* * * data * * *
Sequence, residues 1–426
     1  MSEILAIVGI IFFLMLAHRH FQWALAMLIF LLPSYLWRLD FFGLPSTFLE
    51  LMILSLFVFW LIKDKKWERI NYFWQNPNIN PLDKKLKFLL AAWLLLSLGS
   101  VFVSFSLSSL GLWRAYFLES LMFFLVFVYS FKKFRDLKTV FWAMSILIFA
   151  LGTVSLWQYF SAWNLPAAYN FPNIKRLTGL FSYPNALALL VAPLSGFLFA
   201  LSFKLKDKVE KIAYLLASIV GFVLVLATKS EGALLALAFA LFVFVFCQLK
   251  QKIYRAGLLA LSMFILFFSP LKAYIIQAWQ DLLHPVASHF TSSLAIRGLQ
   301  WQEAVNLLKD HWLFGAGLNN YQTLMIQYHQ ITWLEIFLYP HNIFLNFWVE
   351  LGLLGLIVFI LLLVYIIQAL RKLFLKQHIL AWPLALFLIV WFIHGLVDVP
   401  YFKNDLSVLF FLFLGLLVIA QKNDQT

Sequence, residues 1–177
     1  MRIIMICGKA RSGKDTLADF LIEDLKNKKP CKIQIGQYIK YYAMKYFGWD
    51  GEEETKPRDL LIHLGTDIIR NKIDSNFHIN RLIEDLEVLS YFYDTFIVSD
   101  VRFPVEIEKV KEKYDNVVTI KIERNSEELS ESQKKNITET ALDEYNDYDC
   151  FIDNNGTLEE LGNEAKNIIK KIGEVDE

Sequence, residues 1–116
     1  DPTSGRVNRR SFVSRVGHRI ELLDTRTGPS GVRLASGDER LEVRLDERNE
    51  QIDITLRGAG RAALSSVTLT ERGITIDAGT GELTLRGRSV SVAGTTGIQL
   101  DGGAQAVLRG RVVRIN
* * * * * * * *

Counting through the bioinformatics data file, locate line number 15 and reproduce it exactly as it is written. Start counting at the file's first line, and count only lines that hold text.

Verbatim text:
   151  FIDNNGTLEE LGNEAKNIIK KIGEVDE